“Three charts showing why EM investors should be buying copper miners” – RWC’s Malloy
Emerging markets’ dominant position in the copper industry is presenting investors with an opportunity to play the metal’s improving prospects, RWC Partners’ John Malloy has said.
Increasing demand for the commodity from industries including car manufacturers, coupled with a huge decline in reserves, means the price of copper has recovered sharply from lows seen in 2015, despite a levelling off in demand for the metal from China, the world’s growth engine.
Malloy, manager of the $4.5bn RWC Global Emerging Markets strategy, says a decline in the quality of the ore being mined – combined with the changing demand dynamics – means some miners exposed to copper are now in a sweet spot.
“As incremental supply continues to face challenges, the outlook for the price of the base metal is positive,” Malloy said.
“Increased penetration of electricity markets and renewable energy globally will drive demand higher, and there could be significant demand from transformational applications such as electric cars.”
As a result, Malloy has invested in a number of copper miners via the strategy, including First Quantum Minerals, KAZ minerals, and Cia de minas Buenaventura.
“We are currently invested in three copper miners. Each of them increased capital expenditure over the last few years and now stand ready to gain from increased production volumes in a period of higher prices. As a result, cash flows will increase significantly over the next few years.”
Below Malloy, whose RWC Global Emerging Markets fund has returned 32% over the last year, versus the sector average return of 22%, highlights the key stats behind the copper trend.
Following a seven year rally in copper and other commodity prices, there was a sharp pullback in 2008 as the financial crisis hit the world economy. Copper then rallied 270% from the bottom in 2009, reaching highs of $4.60 in 2011.
As incremental demand from China began to level off and Peru developed new mines the price started to fall gradually. This decline coincided with a fall in energy costs and lower dollar labour costs as producer-country currencies weakened against the dollar.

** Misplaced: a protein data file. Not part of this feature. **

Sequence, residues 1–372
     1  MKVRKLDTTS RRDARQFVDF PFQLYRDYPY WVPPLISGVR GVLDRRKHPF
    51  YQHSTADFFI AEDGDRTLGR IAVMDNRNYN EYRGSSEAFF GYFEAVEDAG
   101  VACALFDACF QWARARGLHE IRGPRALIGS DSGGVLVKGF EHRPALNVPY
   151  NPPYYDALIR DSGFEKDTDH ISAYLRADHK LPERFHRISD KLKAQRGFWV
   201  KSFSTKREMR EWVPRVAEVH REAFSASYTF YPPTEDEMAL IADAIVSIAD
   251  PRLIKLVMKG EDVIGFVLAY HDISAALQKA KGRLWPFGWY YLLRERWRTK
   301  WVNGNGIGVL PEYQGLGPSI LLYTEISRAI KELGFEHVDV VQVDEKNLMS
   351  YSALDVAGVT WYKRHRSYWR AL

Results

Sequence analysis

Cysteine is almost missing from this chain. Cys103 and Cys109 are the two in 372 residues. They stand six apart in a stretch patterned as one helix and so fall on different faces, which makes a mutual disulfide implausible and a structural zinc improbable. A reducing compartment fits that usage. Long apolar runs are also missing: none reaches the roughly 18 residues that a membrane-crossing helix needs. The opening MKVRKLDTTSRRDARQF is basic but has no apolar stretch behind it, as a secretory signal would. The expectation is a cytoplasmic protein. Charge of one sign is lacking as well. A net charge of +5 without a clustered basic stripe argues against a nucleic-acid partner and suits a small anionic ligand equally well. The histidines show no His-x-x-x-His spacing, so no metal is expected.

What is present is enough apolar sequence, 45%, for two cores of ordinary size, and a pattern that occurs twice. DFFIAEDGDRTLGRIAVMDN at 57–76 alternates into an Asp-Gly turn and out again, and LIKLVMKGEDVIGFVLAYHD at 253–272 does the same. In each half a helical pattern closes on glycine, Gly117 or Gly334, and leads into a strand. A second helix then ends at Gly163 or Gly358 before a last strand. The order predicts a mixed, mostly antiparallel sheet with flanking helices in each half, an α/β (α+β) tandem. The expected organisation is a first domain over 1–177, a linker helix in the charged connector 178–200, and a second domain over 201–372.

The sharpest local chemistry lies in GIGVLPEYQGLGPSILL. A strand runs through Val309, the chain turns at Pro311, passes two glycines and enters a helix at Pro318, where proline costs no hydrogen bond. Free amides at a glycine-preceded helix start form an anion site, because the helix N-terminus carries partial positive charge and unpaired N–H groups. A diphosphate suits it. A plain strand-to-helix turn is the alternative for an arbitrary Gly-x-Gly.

We began to review the metal back in 2015 when the price was approaching $2 per pound, as copper was trading at a mere 5% premium to the marginal cost of production; an attractive price for a metal with considerable potential.
Demand is coming from a variety of sources, including for use in power grids, air conditioning, electric vehicles (For every addition of 10 million electric cars to annual global sales, copper demand will increase by 1.4mn tons which is 6% of today’s demand) and power generation.
Increased penetration of electricity in emerging markets and renewable energy globally will drive demand higher. Additionally, there could be significant demand form transformational applications such as electric cars.
There are 2.1 billion tonnes of copper in identified resources and 3.5 billion tonnes in unidentified resources. Despite large amounts of the base metal around the world, it is not all equally accessible.
Ores are of different grades and are mined at varying depths. The ore that is least costly to access has been mostly exploited and additional resources are of lower quality and harder to access.
Chile is the largest producer of copper, accounting for 27% of global production. Codelco, the state-run mining company, produces one third of the country’s copper. In the last 10 years we have seen supply growth coming through from Peru, China, Congo, Kazakhstan and Mexico.
However South American supply (Peru/Chile) has already peaked due to decreasing ore grades and increasing capital intensity. Authorities in China have also said that scrap imports will be banned from the end of 2018 due to environmental concerns. This will take away 300 thousand tonnes of supply which is equivalent to 1.3% of the global market.